And [Jesus] said unto them, “Which of you shall have a friend, and shall go unto him at midnight, and say to him, ‘Friend, lend me three loaves; for a friend of mine is come to me from a journey, and I have nothing to set before him;’ and he from within shall answer and say, ‘Trouble me not: the door is now shut, and my children are with me in bed; I cannot rise and give thee?’
I say unto you, though he will not rise and give him because he is his friend, yet because of his importunity he will arise and give him as many as he needeth. And I say unto you, Ask, and it shall be given you; seek, and ye shall find; knock, and it shall be opened unto you. For every one that asketh receiveth; and he that seeketh findeth; and to him that knocketh it shall be opened. And of which of you that is a father shall his son ask a loaf, and he give him a stone? or a fish, and he for a fish give him a serpent? Or if he shall ask an egg, will he give him a scorpion? If ye then, being evil, know how to give good gifts unto your children, how much more shall your heavenly Father give the Holy Spirit to them that ask him?” (Luke 11:5-13).
The Lord’s Prayer (cf. Luke 11:1-4) is a wonderful model prayer, and we remain amazed at how much could be said with so few words. Yet we should not think that Jesus’ instruction about prayer ends with the conclusion of the prayer. There is much more to learn about prayer than just that for which we should pray!
Jesus uses a very real world example. If you had a friend come up to you at a most inconvenient hour and request something from you, would you not give him what he needs not inherently out of friendship but just because of the sheer impudence of the act? This is compared to our petitions before God– even if we think that we are taxing or greatly inconveniencing God, we may still ask, and God will be willing to grant what we need.
Jesus tells us that we must ask if we wish to receive, seek in order to find, knock in order to have the door opened. His emphasis is on initiative. God stands ready, willing, and able to bless us beyond our imagination (cf. Ephesians 3:20-21). The only ones who are in the way, really, are us. We often do not receive because we do not really ask– not because we never pray, or that we never make requests to God, but we can become afraid of asking for too much or going beyond what we believe possible. We often do not seek because we find it difficult to have sufficient trust in God. We will seek the short route or path and perhaps find something small; we often feel too daunted to seek on the long, arduous, and difficult path, and thus never really find what we desire. The door will open if we only gain the courage to go up and knock upon it.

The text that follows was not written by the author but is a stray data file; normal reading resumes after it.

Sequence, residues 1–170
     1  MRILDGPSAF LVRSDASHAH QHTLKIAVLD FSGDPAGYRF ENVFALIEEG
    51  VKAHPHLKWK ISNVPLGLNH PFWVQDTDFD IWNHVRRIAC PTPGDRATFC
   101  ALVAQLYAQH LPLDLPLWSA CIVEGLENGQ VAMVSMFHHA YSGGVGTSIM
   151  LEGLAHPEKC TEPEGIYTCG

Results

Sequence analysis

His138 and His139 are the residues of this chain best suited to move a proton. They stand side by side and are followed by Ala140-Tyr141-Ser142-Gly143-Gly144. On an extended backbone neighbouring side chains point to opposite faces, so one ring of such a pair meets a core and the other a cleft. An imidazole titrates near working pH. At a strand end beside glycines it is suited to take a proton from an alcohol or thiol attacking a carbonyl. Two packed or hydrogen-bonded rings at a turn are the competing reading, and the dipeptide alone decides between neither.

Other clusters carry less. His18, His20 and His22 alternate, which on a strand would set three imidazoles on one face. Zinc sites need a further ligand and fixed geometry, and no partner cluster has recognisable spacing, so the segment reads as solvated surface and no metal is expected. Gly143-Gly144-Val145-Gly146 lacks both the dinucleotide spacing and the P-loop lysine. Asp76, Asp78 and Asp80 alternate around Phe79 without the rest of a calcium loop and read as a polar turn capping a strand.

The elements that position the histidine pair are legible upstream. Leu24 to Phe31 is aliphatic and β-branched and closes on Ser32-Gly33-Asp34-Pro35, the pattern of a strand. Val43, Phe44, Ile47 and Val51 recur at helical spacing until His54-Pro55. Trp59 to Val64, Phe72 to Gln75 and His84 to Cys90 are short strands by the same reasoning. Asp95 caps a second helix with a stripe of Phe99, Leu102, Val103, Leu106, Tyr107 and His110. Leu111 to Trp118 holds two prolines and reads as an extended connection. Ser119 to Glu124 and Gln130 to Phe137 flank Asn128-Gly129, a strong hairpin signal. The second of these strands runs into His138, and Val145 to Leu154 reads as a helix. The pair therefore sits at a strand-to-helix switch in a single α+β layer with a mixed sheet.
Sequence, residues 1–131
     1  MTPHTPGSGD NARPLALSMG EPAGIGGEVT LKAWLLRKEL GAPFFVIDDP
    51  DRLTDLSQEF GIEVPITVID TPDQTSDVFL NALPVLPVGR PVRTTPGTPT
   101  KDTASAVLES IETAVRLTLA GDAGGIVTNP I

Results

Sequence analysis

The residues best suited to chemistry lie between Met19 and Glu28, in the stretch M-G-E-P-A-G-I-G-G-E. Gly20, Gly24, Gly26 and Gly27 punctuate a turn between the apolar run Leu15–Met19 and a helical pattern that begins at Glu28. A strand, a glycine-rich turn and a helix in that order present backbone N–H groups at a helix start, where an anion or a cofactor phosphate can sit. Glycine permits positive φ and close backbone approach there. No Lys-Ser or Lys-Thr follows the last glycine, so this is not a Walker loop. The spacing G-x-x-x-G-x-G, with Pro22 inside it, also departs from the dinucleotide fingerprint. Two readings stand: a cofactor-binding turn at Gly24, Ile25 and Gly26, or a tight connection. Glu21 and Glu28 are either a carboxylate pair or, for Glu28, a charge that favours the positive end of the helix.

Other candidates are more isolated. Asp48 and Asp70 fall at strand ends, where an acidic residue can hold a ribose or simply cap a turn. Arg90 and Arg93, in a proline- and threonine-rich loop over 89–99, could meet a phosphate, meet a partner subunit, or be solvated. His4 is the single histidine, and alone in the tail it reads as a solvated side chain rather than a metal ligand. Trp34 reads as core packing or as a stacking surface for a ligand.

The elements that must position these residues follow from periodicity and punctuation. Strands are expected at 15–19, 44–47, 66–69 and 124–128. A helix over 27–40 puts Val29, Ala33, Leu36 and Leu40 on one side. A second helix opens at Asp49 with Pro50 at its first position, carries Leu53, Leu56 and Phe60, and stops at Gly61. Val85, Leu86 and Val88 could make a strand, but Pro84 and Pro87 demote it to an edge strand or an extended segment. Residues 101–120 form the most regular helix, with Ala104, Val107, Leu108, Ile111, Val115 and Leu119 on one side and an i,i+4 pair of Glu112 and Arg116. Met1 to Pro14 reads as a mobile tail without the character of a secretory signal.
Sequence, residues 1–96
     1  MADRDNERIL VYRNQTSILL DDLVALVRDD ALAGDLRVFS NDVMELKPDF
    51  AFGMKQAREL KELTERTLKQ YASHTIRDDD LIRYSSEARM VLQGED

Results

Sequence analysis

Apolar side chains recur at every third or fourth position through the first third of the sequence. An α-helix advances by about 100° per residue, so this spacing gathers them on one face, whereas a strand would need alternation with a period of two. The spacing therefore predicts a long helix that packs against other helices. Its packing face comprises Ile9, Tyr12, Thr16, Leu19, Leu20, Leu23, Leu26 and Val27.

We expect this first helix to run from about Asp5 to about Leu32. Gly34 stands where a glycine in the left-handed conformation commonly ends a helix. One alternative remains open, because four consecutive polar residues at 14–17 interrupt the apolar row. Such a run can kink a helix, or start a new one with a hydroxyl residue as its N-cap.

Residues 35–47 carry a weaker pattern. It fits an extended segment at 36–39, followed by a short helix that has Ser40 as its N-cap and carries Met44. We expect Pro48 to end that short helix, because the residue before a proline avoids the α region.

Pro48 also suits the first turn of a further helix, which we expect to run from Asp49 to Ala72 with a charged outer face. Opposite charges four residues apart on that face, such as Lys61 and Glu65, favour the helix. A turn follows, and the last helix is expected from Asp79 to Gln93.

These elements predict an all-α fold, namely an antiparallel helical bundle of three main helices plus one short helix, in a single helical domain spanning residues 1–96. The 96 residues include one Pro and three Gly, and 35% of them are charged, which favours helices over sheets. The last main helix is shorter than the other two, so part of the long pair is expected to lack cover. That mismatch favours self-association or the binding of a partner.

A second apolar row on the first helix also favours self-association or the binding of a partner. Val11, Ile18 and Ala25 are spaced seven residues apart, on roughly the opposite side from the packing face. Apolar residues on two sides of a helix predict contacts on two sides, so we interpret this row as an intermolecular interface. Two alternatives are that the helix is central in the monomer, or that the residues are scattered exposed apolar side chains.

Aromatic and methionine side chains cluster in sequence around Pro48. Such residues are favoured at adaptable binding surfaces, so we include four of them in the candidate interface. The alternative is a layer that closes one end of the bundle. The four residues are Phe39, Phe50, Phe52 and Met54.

What Jesus is categorically not telling us is that whatever we ask from God, no matter how carnal or selfish, we will receive it. This is an utter perversion of the Gospel that should not be named among saints; James makes it clear that people who ask to spend upon their passions will not receive it (James 5:3). Jesus’ referent is that which is spiritual and leads to growth in God’s Kingdom, not a nice new car or a million dollars that you would probably end up using to wander off into sin anyway.
The reason for this confidence is centered in God’s kindness and goodness for us, a kindness and goodness we often question. It is easy to look at God like so many do– a bitter old tyrant of a curmudgeon always looking for a way to condemn us. This is not the way of the Father at all!
Jesus provides us with two startling mental images. If your child asks for a fish, would you give him a serpent? Or if they needed an egg, would you give them a scorpion? Of course not. The very idea is perverse and shameful. And that is precisely the point. Even sinful people (like we all have been and unfortunately too often still are, Titus 3:3, 1 John 1:8) will provide benefits and good things to their children. If sinful people are that way, will not the Heavenly Father, who is infinitely more good, give the Holy Spirit and the blessings that come from His revelation and knowledge, to those who ask?
In Matthew’s rendition of similar lines (Matthew 7:7-11), God is willing to give good things, and there is no contradiction here, for the Holy Spirit is good (cf. Romans 8:1-11).
These statements of Jesus are designed to give us confidence in regards to our petitions before God. We need not be afraid of a thundering tyrant of a god for whom our requests will never be good enough. Instead, we are to approach God, take the initiative, live by faith, and be willing to step out and ask for the big things, seek the challenging path, and have the courage to knock the door so as to receive the blessings. We do not have to fear– God is infinitely more good than we are, and just as we want to do good for our own children, so God stands ready, willing, able, and desirous of giving His children all things (cf. Romans 8:32).
All those spiritual blessings, therefore, are there for the taking– if we only ask. Do we have the faith and confidence to do so?
Ethan R. Longhenry